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The New York Times got all excited about Texas wind power this weekend. The piece stood in stark contrast to a Wall Street Journal article last year that noted some of the contentious issues and rampant speculation surrounding the building of 20-story turbines in the middle […]

texaswind211.jpgThe New York Times got all excited about Texas wind power this weekend. The piece stood in stark contrast to a Wall Street Journal article last year that noted some of the contentious issues and rampant speculation surrounding the building of 20-story turbines in the middle of rural Texas.

While there are a few ranchers in the longhorn state that are worried about sight lines, Texas is no Cape Cod, as is clear from the article.

“Texas has been looking at oil and gas rigs for 100 years, and frankly, wind turbines look a little nicer,” said Jerry Patterson, the Texas land commissioner, whose responsibilities include leasing state lands for wind energy development. “We’re No. 1 in wind in the United States, and that will never change.”

Aside from the Texas boosterism, Patterson may be right. Texas not only has large stretches of windswept rural plains, but it has the kind of regulatory atmosphere that can make environmentalists shudder (unless those environmentalists are pushing wind farms).

Maybe it’s the fact that the state embraces its oil infrastructure and the profits it provides, so sees money from wind power as a cleaner way to keep energy earnings gusting along. It’s also home to a group of entrepreneurs such as T. Boone Pickens, who have made billions risking it all on oil, and are comfortable rolling the dice with wind.

Aside from its geography, people and regulatory environment, Texas power transmission lines are governed by one entity, making the process of delivering wind power from remote ranches to populated cities a bit easier to control and implement than in other states. As an added bonus, Texas sovereignty stretches further out into its coastal waters than other states, meaning it can control the placement and implementation of offshore wind farms as well.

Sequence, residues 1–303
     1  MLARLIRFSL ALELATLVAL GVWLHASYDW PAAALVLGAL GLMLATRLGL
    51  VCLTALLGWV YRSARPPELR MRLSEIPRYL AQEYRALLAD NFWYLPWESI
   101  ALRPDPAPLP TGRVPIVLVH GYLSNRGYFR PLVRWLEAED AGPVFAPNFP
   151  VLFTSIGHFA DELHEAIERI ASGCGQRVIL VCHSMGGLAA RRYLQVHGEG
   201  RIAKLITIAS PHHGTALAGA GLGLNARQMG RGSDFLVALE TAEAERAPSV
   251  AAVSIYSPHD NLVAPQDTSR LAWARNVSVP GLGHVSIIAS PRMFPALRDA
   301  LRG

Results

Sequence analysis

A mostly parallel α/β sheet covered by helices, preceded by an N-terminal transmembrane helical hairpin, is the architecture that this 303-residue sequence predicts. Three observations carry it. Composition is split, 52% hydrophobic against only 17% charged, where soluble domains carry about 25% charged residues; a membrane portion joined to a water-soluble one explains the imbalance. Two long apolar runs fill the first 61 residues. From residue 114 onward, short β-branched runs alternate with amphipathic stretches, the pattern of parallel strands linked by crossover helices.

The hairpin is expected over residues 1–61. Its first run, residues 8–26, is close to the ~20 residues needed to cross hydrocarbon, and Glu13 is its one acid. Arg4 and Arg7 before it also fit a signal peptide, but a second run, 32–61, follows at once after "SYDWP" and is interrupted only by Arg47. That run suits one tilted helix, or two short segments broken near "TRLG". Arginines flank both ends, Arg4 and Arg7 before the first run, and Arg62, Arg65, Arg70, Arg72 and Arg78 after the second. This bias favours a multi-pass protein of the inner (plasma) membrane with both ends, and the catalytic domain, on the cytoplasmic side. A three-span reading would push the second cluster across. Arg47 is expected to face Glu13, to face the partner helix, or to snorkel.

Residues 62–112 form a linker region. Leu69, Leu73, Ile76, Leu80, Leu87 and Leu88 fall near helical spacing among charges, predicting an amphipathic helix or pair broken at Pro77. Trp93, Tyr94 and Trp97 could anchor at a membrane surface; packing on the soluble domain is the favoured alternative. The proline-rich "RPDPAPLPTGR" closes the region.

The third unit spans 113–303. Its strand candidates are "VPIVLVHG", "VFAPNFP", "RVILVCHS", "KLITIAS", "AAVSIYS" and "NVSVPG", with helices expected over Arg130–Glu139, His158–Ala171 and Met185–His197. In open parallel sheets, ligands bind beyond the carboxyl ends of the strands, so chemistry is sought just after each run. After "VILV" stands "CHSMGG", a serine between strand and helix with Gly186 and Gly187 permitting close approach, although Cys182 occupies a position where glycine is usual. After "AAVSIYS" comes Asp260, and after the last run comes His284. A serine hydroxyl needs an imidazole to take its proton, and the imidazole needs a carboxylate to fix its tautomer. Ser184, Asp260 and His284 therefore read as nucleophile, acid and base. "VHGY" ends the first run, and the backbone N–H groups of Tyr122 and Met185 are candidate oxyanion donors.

However, wind power won’t meet the state’s clean energy needs, even if the entire thing is blanketed with turbines, mostly because wind energy isn’t always available. And as interest in clean energy rises, the cost of wind rises as well. The cost of producing the power doesn’t change, but the cost of the raw materials to build the turbines as well as demand for the turbines themselves are lifting the upfront costs of building a wind farm. The installed cost of wind turbines range from $1.4 million to as much as $2 million.

That includes the price paid to rent the land on which these turbines sit. The NYT story mentions a farmer who makes $500 a month for each wind turbine located on his property. With 78 turbines, that nets him some $468,000 a year. And he’s about to add 76 more. That’s a lot of money.

Based on the assumption that a 1.5 MW turbine (that’s currently GE’s smallest turbine and the only type in use in the U.S.) operating at an average 25 percent capacity produces 3.3 million kilowatt hours of electricity that is sold to utilities for between 4 cents and 7 cents per hour (Austin Energy pays about 6 cents per kilowatt hour for wind), an investment in wind still takes years for the turbine operators to recoup, but is a bonanza for the ranchers leasing their land. At 4 cents per kilowatt hour a turbine might generate $132,000 a year; at 7 cents/hour that amount rises to $231,000.

Of course, capacity fluctuates and these are 30-year investments, so the winds of change blowing over West Texas could stay an economic driver for decades to come.

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By Stacey Higginbotham

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